Riding onwards, we enter the quiet stillness of the Mynydd Du forest, where you should be able to find a jump or two! Climbing upwards, we leave the forest and ride onto the bleak moorland of Bal Mawr, before crossing into the Vale of Ewyas, with the 12th century Llanthony Priory far below. Destroyed during Henry VIII's dissolution of the monasteries, one tower was subsequently rebuilt as a hunting lodge.
From Upper Henllan Farm, where the horses have spent the night, we ride along the floor of the Llanthony Valley and pay a visit to the unique church at Cwmyoy. The origins of this church are wrapped in mystery, but one thing is certain, it is ancient and dates back at least to the middle Ages. It is unique because no part of it is square or at right angles with any other part. This striking irregularity is due to the underlying rock, which is in fact part of a huge landslide, which continues to move to the present day.
On leaving Cwmyoy, we cross the top of the landslip and pass between huge monoliths of stone, before the steep, stony climb to the top of Hatterall Hill (1726 feet high). Riding along Offa’s Dyke path, originally part of an earthwork built by the 10th century King Offa to separate his civilised Saxon kingdom from the maurading Welsh, it now offers spectacular views out across Herefordshire as far as the Malvern Hills in the east, whilst westwards are magnificant views of the mountains. Lunch is taken at the Skirrid Inn, reputedly the oldest public house in Wales. Once a rallying point for Owain Glyndwr, the Skirrid became infamous as the seat of the Assize Courts where manty a foot-pad, highwayman and sheep rustler was tried, and between the 12th and 17th Centuries, as many as 180 persons may have met their end hanging from a beam, as the ultimate penalty for their crimes was carried out.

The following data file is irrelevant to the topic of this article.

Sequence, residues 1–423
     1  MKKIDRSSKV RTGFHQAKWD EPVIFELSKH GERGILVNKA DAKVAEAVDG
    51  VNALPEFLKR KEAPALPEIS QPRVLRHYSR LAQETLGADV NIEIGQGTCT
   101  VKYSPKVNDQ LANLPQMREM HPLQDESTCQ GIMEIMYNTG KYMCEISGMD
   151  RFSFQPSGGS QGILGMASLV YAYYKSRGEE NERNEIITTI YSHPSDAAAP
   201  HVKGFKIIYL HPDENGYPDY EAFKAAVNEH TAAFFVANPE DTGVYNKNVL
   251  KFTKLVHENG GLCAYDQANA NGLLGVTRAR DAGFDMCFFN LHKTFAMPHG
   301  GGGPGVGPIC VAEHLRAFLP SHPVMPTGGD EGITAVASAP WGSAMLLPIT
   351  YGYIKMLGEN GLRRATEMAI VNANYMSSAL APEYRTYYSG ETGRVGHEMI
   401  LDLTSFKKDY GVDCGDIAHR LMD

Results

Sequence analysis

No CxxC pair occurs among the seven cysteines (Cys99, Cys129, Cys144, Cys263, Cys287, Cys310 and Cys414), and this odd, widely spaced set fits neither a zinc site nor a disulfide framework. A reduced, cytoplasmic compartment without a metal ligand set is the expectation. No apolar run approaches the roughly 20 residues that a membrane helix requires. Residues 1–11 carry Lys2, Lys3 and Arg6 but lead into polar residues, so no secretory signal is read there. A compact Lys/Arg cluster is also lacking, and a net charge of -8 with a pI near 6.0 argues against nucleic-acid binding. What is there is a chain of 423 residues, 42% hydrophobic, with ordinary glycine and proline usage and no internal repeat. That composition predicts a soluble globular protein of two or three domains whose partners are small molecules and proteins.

After lunch, we bridleway along Bryn Arw to Five Ways, then follow an ancient stone path that was part of the Pilgrims' Way to St David's far to the west. Before the climb to the Gaer, an Iron Age hill fort with superb views up the Gwyne Fawr and Llanthony valleys. From here, we follow the hilltop above Llanthony wood, before descending down forestry tracks to the night's stop.
At the start of our 20 mile ride back to Llangorse, we climb the steep track out of the Llanthony Valley, following forest tracks and crossing "Windy Ridge", before having a picnic lunch in the woods.